The Moonstone HTML version

June twenty-first, the day of the birthday, was cloudy and unsettled at sunrise,
but towards noon it cleared up bravely.
We, in the servants' hall, began this happy anniversary, as usual, by offering our
little presents to Miss Rachel, with the regular speech delivered annually by me
as the chief. I follow the plan adopted by the Queen in opening Parliament--
namely, the plan of saying much the same thing regularly every year. Before it is
delivered, my speech (like the Queen's) is looked for as eagerly as if nothing of
the kind had ever been heard before. When it is delivered, and turns out not to be
the novelty anticipated, though they grumble a little, they look forward hopefully
to something newer next year. An easy people to govern, in the Parliament and
in the Kitchen-- that's the moral of it. After breakfast, Mr. Franklin and I had a
private conference on the subject of the Moonstone-- the time having now come
for removing it from the bank at Frizinghall, and placing it in Miss Rachel's own
Whether he had been trying to make love to his cousin again, and had got a
rebuff--or whether his broken rest, night after night, was aggravating the queer
contradictions and uncertainties in his character--I don't know. But certain it is,
that Mr. Franklin failed to show himself at his best on the morning of the birthday.
He was in twenty different minds about the Diamond in as many minutes. For my
part, I stuck fast by the plain facts a we knew them. Nothing had happened to
justify us in alarming my lady on the subject of the jewel; and nothing could alter
the legal obligation that now lay on Mr. Franklin to put it in his cousin's
possession. That was my view of the matter; and, twist and turn it as he might,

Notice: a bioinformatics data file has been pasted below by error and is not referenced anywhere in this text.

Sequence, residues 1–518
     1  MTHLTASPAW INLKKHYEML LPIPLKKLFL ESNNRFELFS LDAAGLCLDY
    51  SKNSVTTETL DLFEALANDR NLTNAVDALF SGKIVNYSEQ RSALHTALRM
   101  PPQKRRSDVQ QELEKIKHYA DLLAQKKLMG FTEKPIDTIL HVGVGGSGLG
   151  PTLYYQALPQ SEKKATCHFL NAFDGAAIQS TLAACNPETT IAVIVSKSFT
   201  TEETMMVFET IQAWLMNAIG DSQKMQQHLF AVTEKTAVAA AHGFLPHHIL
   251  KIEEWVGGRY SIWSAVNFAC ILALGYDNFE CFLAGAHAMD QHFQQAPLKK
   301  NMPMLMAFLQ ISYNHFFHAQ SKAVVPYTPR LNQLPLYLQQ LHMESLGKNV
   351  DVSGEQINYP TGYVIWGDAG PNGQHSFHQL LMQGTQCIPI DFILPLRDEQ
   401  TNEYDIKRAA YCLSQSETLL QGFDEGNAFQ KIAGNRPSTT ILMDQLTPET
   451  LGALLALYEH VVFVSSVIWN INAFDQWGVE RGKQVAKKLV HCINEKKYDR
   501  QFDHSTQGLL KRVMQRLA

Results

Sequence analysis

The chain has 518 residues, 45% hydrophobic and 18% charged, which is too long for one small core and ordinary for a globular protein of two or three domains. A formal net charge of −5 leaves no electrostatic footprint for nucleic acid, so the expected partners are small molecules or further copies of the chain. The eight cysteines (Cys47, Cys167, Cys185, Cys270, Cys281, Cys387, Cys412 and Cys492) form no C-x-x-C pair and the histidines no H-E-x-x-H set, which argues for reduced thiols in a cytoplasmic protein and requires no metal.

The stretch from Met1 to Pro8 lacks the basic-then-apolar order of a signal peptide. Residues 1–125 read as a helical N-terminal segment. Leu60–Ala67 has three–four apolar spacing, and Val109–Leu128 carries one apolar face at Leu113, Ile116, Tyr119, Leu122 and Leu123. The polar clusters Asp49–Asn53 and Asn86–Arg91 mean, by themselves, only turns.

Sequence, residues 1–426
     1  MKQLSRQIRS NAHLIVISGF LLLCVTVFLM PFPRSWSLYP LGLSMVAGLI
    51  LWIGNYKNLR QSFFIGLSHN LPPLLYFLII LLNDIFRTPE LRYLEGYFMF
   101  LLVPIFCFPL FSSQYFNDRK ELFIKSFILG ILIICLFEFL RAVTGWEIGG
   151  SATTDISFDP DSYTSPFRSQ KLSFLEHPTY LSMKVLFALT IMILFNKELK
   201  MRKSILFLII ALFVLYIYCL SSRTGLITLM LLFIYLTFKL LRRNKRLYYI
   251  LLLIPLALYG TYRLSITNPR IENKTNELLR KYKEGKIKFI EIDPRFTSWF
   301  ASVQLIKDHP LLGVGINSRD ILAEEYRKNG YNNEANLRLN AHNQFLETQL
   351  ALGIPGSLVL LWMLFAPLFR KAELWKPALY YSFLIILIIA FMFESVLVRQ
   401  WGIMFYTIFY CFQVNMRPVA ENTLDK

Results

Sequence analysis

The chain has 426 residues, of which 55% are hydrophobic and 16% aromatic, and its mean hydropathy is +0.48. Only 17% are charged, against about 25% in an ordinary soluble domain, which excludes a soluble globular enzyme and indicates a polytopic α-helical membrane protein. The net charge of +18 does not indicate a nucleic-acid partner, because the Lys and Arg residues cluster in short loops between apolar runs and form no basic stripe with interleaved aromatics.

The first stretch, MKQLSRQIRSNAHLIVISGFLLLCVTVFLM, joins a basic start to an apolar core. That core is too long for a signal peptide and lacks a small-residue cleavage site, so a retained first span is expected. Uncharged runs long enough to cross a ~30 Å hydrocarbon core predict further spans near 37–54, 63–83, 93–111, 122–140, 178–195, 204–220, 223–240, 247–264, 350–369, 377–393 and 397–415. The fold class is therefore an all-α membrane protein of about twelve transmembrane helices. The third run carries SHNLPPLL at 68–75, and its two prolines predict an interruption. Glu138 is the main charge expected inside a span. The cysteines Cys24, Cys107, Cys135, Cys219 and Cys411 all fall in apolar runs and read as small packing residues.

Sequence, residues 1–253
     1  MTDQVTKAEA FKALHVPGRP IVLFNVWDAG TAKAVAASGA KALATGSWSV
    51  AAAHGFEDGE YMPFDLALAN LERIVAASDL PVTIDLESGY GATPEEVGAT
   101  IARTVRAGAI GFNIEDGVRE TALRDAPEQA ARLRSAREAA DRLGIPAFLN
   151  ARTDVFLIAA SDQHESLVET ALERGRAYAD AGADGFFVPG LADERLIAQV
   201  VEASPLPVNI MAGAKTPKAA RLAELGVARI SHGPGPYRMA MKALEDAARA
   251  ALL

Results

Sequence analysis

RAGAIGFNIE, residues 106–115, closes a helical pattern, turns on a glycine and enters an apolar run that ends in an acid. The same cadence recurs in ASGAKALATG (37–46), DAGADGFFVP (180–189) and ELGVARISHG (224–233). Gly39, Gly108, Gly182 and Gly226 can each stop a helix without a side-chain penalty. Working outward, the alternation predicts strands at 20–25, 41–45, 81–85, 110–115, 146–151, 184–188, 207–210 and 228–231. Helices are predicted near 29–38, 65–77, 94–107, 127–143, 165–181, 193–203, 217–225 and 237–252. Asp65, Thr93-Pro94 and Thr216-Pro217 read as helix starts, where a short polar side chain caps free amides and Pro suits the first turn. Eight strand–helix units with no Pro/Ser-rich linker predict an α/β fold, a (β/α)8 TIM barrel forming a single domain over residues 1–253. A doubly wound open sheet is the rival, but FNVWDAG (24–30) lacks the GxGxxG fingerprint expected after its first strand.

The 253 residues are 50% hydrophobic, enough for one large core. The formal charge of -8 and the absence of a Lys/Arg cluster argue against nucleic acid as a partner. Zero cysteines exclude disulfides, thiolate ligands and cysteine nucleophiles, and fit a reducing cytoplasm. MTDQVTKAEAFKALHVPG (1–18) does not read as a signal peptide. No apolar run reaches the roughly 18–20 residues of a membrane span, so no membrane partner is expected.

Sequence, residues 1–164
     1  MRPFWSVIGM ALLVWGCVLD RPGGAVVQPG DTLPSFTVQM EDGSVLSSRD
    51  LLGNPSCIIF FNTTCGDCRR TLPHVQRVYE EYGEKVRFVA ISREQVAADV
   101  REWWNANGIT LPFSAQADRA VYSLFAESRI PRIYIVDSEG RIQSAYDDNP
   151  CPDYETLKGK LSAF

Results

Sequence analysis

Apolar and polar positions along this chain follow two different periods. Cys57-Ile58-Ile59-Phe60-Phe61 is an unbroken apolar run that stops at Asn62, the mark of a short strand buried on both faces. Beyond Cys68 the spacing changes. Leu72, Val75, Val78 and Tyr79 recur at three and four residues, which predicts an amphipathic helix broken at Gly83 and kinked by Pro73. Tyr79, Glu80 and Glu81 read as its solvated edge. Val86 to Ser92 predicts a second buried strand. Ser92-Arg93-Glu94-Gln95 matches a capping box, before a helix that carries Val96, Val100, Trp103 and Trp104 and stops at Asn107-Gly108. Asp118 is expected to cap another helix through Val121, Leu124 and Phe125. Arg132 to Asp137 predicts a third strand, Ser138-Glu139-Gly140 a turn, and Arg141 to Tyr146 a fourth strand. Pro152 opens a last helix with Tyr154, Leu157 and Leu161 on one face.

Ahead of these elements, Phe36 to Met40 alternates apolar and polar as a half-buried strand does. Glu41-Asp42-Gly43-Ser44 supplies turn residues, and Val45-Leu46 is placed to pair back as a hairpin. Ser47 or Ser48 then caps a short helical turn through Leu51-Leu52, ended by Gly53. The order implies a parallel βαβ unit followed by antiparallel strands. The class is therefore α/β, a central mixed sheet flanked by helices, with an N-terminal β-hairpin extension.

he was forced in the end to make it his view too. We arranged that he was to ride
over, after lunch, to Frizinghall, and bring the Diamond back, with Mr. Godfrey
and the two young ladies, in all probability, to keep him company on the way
home again.
This settled, our young gentleman went back to Miss Rachel.
They consumed the whole morning, and part of the afternoon, in the everlasting
business of decorating the door, Penelope standing by to mix the colours, as
directed; and my lady, as luncheon time drew near, going in and out of the room,
with her handkerchief to her nose (for they used a deal of Mr. Franklin's vehicle
that day), and trying vainly to get the two artists away from their work. It was
three o'clock before they took off their aprons, and released Penelope (much the
worse for the vehicle), and cleaned themselves of their mess. But they had done
what they wanted--they had finished the door on the birthday, and proud enough
they were of it. The griffins, cupids, and so on, were, I must own, most beautiful
to behold; though so many in number, so entangled in flowers and devices, and
so topsy-turvy in their actions and attitudes, that you felt them unpleasantly in
your head for hours after you had done with the pleasure of looking at them. If I
add that Penelope ended her part of the morning's work by being sick in the